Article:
I can now finally share more of the story of why I changed direction from building my own company: for the chance to be part of an automotive start-up. Through my decision to leave my employer of more than twenty years, I often questioned whether I should also change industry as well as company.
However, from the time when I was a little girl, fascinated with the prototype GM cars my father brought home with the first car telephone, the first electronic climate control, the first steering wheel controls, and one of the first navigation systems, I have been in love with the car industry.
Despite its failings in many ways, I still see the car and the companies that build it as a complicated and delicate symphony of so many beautiful instruments coming together. Yes, it is clear that we need to move cars away from fossil fuel powertrains, from low to zero emissions. Of course we need to update the technology, the management culture, and the overall ways of working, as evidenced from the Volkswagen, Takata, and GM scandals of recent years.
I have thought several times of joining Tesla, as the mission of the zero-emission car that addressed many of the failings I saw in the more traditional automotive companies, was in many ways what I saw as my only chance to mix innovation with my beloved industry.
Despite my love for Northern California, and my desire to spend more time with my dear friends there and at my alma mater, it just was not really feasible to relocate our family or lives there. Nor could I realistically match my responsibilities for my other roles as mother, wife, daughter, and friend with the incredibly demanding workaholic culture driven by Elon Musk.
When a Chinese company invested in the old SAAB automobile company to build an electric vehicle on the SAAB 9-3, I seriously considered joining up. The commute of more than an hour each way wasn't realistic either, with the constraints of daycare hours. I just couldn't figure out a way to make it work for our family and be able to take any meaningful role.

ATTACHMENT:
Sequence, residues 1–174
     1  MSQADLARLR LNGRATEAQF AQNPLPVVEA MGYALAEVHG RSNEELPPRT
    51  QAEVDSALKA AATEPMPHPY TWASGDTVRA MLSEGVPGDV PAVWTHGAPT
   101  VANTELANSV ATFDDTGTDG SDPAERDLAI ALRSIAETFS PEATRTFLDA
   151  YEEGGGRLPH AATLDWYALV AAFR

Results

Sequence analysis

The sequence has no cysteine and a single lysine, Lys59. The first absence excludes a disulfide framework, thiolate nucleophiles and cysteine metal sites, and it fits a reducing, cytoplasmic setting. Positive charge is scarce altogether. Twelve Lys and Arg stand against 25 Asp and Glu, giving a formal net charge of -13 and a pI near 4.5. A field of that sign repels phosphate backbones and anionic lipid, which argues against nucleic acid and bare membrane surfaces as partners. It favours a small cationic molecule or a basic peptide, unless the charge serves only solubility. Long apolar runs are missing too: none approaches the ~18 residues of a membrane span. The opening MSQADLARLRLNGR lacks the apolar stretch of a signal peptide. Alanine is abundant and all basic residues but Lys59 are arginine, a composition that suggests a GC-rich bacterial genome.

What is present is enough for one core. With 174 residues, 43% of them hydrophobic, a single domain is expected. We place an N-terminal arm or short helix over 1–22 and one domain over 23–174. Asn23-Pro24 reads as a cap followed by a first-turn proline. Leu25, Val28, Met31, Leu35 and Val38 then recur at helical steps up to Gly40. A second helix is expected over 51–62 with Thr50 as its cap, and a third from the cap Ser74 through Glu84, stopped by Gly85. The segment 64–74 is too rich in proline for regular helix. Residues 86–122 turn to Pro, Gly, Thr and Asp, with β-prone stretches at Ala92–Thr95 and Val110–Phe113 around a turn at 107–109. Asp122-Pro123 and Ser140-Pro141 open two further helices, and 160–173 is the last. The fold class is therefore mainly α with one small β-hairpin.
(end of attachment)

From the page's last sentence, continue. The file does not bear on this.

Last fall, I started at a company called China Euro Vehicle Technology (CEVT), which was founded by Geely Holdings, the same company who had previously purchased Volvo Cars. A Chinese automaker, Geely, with support from the Chinese government, saw the value in investing in Western technology and product development to further expand their brand, both in China and to the rest of the world.
My original intention at CEVT was only for a short duration, to be able to place the consultants I would hire after I had trained them. However, from almost the first day I started working, I instantly felt both at home, and tremendously challenged and invigorated. It was a place where the very broad automotive experience I had developed was valued and needed, and my desire to teach and share was strongly encouraged. I found my Chinese colleagues both quick students, and excellent teachers, as I taught them the knowledge I had gained in Western product development and they taught me about their country, language, and culture.
CEVT was a place where new ideas and creative ways of thinking were welcome, and even more, necessary as we worked daily to build Lynk&Co. The old ways of working were often too slow, as the pace of the East needed to meet the quality of the West. The daily puzzles to meet these two worlds were exactly the stimulation I needed and the application of all that I have learned and all that I believed in.
My love of cars met my Stanford entrepreneurial drive. As the ability to take initiative and work outside of my initial role grew to include recruiting, I very quickly realized that I wanted to put all of me into this company and the chance of building and doing something differently.
This week, I finally was part of an automotive start-up party, and I didn't have to move my family to Silicon Valley. I can't wait to follow this journey forward!